WOMAN'S WORLD. TO KEEP A WIFE- HAPPY. Keep all pre-nuptial promises. Give her a bank account—however small—as well as yourself.[ Go into town oftener than once a week. When away from home write or telegraph daily. Take her with you on business and pleasure trips. Be more polite to her than to any other woman. Remember that she likes flowers, sweets and books. Don't criticise her hats and dresses. If you have only a shilling you don't waste it when you spend it on her. Be faithful in all things, generous, considerate and loving.
POULTRY. [Newspaper Article] — Rochester Express — 22 May 1914
POULTRY. A duek muet be two an3 & half ?a&n •Id before it is Feally. matured. NSver make a sudden change of tht "lill of fare, especially to laying ducks * Wiien tiie crop is liard and unyield ing there is dauger of the bird becom ing crop-bound. When the dischargee are streaked with blood it is time to give preven tives for diarrhoea. Oyster sholle can be run through a misher with bones and old china. Thej *11 make good grit. Do not wast© the potato peelings; they are best part of the potato, and make good poultry food. When the hen seems giddy and "turns round and round she is probablj suffering from apoplexy. Do not waste time with old, worn oat birds. They should be killed off. Only keep profitable pullets or young hens in their prime. Always .have the nests low, so that the hens can step rather than be ob ligated to jump up or down, and ft flat perch is best, for it is comfortable to the feet and a good support for the breast. Fowls will act as scavengers and ri...
DAIRYING. POINTS IN CHEESE-MAKING. [Newspaper Article] — Rochester Express — 22 May 1914
DAIRYING. t . _ • • ' POINTS IN CHEESE-MAKING. For hard-pressed cheese, where a ripe milk is required, it is best to use night and morning's milk mixed. In the case of'making cheese from sweet milk, such as some varieties of un pressed cheese, it is often most satis factory to use one meal's milk only. The rennet must be very carefully added to milk that is overripe, as the acidity in the milk stimulates the ac tion of the rennet, making it work very quickly. Unless great care is exercised, the milk will ;be over-stir red and rendered useless for cheese making. It is most important that the curd be of uniform consistence throughout, and this is obtained by judiciously stirring in the rennet and taking pre cautions to prevent the temperature of the renneted milk falling. Keep the vat covered, and water a little warmer than the milk in the vat jacket. Whey from cheese making may be set in tanks, and the cream skimmed off the next day, before using the whey for pig-feeding. Whey cream ...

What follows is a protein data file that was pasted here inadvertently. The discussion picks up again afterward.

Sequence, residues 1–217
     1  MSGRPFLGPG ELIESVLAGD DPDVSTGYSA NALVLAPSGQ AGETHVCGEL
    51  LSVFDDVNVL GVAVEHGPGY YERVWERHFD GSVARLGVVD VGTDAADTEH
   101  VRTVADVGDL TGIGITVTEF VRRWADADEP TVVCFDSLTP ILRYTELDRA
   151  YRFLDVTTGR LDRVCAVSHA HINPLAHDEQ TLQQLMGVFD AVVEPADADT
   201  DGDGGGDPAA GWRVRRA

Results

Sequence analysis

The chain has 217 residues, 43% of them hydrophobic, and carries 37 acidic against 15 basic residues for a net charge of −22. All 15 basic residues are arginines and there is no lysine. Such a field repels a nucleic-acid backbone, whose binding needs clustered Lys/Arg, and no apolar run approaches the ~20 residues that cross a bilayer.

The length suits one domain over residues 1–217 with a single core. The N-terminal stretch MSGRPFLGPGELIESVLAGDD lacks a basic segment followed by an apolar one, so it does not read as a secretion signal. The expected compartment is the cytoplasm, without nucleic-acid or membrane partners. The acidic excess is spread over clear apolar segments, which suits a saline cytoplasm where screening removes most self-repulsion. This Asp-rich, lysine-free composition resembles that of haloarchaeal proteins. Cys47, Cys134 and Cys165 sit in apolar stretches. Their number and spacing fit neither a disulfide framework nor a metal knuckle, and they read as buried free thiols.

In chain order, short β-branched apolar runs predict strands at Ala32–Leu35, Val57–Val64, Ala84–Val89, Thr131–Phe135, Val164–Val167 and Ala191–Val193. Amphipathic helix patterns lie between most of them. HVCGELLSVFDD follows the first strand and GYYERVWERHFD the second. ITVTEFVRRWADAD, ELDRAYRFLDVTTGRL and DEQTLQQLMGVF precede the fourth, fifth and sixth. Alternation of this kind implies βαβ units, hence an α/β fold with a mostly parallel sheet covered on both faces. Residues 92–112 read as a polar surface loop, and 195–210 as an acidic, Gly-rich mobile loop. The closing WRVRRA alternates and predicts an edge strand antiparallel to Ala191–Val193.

Football. GOULBURN VALLEY LEAGUE OPENING OF THE SEASON. ROCHESTER EASILY BEAT TATURA. [Newspaper Article] — Rochester Express — 22 May 1914
Football. GOULBURN VALLEY LEAGUE OPENING OP.THE SEASON. ROCHESTER EASILY BEAT TATURA. The opening match, was played against Tatura ou Wednesday, as was^the cate last season. The con vincing ground was, ' however, filtered, Rochester, being' 'at home" to Tatura. on this ocaasion. The composition of the Rochester team has altered somewhat from that of last season, owing to the fact some protniuent players left the district. Bennett also was an absentee, and regret was expressed at his uon-ap pearance. Lovers of- a fiue foot baller are, however, hopeful that he will again don the colors at no distant date. Miles O'Neill too stood out, but whether it is to be a pefmartency or not is yet uncertain. Those who have - admired bis play iu ^the past, hope that he too wi[l respond to~ the" "call of the ball'' later on. Another notable absentee was Green, who was detained owiug to business reasons. With the latter three exceptions the team was about the best that could be obtained although of c...
TO GIRLS WHO FAIL TO PLEASE. [Newspaper Article] — Rochester Express — 22 May 1914
TO GIRLS WHO FAIL TO PLEASE. To girls who, for some undefined reason, fail to please in a geiieral way, though here and there they may gain a friend, an admirer, a lover, and who would like to feel a conscious power to attract a certainty of social success at any time or place, there is this to be said. To begin with, a soft voice and a ciuiet manner are desirable; sympathy is not easily expressed in boisterous tones or a bustling-mannered demean or. Given these, there are few precepts' to remember. Do not ask a series of deliberate questions, but try to ascertain what subject interests your partner in con versation, and if you know little or nothing of it, be sure that an intelli gent listener is always appreciated. Even the dullest-seeming man, the most raw youth, has some coign of vantage where he feels at home; and if you lead him to talk of this, and you demonstrate the fact that he in terests you, you increase his self-re spect, you convey a pleasant tingle of self-satisfactio...